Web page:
Why There Is Reason to Be Hopeful About the Grande Ballroom

The Grande Ballroom on December 30th, 2018. Photo by Eric Hergenreder for  eherg.com/

The Grande Ballroom on December 30th, 2018. Photo by Eric Hergenreder for eherg.com/

A few weeks ago the Grande Ballroom on Grand River Avenue was given one of the highest distinctions a building can have bestowed upon it, having been added to the National Register of Historic Places. Popular Detroit locations on the NRHP include the Fisher Building, Belle Isle, the Corktown Historic District, the Eastern Market Historic District, and over a hundred other churches, apartments, hotels, districts, and miscellaneous buildings.

Whereas making the list is an honor, the biggest gift from this move comes in the form of tax credits. When it comes to structural work, any ‘certified rehabilitation of a certified historic structure’ is allotted a 20% tax break on money spent to secure the structure of the building, district, or object. Meaning that if you spend $1 million to fix structural items like roofing, walls, foundation, etc., you would receive $200K back from the U.S. Department of the Interior and the Department of the Treasury.

Unfortunately in Michigan, the largest local preservation tax credit was removed in 2011. This tax credit was similar to the one presented by the National Parks Service, but offered a hand to both large projects and smaller projects not listed on the NRHP as well. There is currently talk of reactivating this historic tax credit in Michigan, allowing for local historic buildings to receive up to a 25% tax credit for their work, and buildings that are on the NRHP up to 5% in addition to the 20% they already receive on a federal level. Although this bill died in the House as a lame-duck effort from those about to leave office, it is hoped that Gretchen Whitmer’s support of the tax credit will bode well for preservationists in 2019.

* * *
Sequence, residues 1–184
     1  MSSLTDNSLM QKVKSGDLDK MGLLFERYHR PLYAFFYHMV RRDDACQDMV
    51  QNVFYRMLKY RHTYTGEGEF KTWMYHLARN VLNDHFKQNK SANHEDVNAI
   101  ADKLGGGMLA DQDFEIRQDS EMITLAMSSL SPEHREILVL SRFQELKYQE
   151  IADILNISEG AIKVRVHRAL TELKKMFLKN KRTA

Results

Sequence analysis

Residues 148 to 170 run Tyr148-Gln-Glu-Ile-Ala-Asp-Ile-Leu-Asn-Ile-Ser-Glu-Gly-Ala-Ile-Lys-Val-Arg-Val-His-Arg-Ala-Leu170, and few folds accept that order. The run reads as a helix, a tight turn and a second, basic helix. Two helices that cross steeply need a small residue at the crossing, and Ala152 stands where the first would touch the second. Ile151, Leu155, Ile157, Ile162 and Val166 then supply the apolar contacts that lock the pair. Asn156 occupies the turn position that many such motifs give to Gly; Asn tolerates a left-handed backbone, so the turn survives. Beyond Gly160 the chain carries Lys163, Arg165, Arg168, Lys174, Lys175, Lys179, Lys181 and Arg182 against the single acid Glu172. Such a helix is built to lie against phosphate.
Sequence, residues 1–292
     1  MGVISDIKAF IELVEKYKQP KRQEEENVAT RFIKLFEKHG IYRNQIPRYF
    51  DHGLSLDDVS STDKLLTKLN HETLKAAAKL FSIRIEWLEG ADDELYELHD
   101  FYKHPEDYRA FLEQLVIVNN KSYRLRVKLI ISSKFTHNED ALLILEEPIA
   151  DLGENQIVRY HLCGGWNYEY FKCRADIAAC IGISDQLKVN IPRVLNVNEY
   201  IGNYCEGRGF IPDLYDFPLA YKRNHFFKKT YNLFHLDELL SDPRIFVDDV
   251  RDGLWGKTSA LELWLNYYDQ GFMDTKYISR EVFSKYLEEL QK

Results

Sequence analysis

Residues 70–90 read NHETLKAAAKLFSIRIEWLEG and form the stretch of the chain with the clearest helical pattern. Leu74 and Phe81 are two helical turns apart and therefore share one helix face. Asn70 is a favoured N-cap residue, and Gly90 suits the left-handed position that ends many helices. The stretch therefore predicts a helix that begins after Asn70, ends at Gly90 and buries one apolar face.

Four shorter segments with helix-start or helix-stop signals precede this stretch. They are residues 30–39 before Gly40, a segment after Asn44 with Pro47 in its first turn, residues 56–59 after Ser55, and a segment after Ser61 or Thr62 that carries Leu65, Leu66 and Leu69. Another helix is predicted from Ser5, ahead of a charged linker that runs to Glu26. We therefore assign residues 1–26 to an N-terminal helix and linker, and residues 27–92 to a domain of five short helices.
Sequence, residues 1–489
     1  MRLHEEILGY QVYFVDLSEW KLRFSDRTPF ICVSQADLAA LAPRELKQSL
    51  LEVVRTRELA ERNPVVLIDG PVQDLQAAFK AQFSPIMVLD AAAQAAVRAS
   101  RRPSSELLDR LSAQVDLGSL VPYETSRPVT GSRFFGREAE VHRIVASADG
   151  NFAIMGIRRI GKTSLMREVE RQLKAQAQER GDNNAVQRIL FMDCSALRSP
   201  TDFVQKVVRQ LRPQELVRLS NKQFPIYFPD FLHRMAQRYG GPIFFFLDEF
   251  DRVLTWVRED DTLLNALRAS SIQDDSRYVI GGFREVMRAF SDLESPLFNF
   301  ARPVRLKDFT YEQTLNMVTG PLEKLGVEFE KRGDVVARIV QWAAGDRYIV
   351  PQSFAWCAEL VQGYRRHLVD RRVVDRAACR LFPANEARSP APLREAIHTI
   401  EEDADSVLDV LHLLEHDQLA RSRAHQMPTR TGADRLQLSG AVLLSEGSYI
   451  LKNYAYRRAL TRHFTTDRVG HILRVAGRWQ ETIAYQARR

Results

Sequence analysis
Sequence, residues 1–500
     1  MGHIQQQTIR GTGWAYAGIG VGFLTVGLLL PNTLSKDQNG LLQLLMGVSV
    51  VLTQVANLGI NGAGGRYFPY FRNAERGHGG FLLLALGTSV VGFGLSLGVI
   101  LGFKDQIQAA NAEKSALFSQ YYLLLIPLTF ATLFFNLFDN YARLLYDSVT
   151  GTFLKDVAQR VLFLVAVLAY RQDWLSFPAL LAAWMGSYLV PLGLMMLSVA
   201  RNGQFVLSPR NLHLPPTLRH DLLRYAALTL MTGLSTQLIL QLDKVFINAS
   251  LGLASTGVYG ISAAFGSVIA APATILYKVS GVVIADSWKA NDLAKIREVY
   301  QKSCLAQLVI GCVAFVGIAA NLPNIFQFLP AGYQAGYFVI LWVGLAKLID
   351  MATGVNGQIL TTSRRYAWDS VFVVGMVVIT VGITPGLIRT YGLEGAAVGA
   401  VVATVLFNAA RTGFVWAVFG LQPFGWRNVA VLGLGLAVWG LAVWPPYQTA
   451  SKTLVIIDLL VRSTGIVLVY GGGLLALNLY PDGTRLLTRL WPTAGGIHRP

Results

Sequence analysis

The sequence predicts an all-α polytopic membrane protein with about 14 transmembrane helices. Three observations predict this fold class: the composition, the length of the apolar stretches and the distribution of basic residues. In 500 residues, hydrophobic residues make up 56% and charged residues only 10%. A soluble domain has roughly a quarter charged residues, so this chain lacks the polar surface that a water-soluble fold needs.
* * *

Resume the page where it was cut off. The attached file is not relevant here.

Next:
Being added to the National Register of Historic Places is a huge honor, but it far from saves a building from the recking ball. Just down the street from the Grande Ballroom stood the Grand Riviera Theatre, added to the NRHP in 1982 and designated a Michigan State Historic Site in 1980, but was demolished in 1996. The Alexander Chene House, St. Boniface Roman Catholic Church, St. Thomas the Apostle’s Church, Tiger Stadium, among a dozen or so other Detroit properties were all designated to the NRHP but subsequently demolished.

 
The Grande Ballroom dance floor & stage. Photo by  Robert Monaghan , used with permission.

The Grande Ballroom dance floor & stage. Photo by Robert Monaghan, used with permission.

 

Many buildings on the list also still sit abandoned, including Woodward Avenue Presbyterian Church, Whittier Hotel, Lee Plaza hotel, the fire-burnt Ste. Claire stream ship, St. Stanislaus Bishop & Martyr Roman Catholic Church, and the Grande’s sister, the Vanity Ballroom, among others.

Alongside the possibility of 25% of the costs to secure the structure of the Grande in place, the largest factor in saving the building is that there are hoards of people who care about it, its history, and its future. The 2012 documentary Louder Than Love: The Grande Ballroom Story directed by Tony D’Annunzio was selected by a handful of film festivals around the country and was screened in dozens of states. The 2016 book The Grande Ballroom: Detroit’s Rock ’n’ Roll Palace by Leo Early has been very successful, heralded by musicians far and wide for its vivid descriptions of the groundbreaking turning point in rock & roll music the Grande represents, especially when considering the turmoil-ridden era of Detroit’s history in which it coexisted with.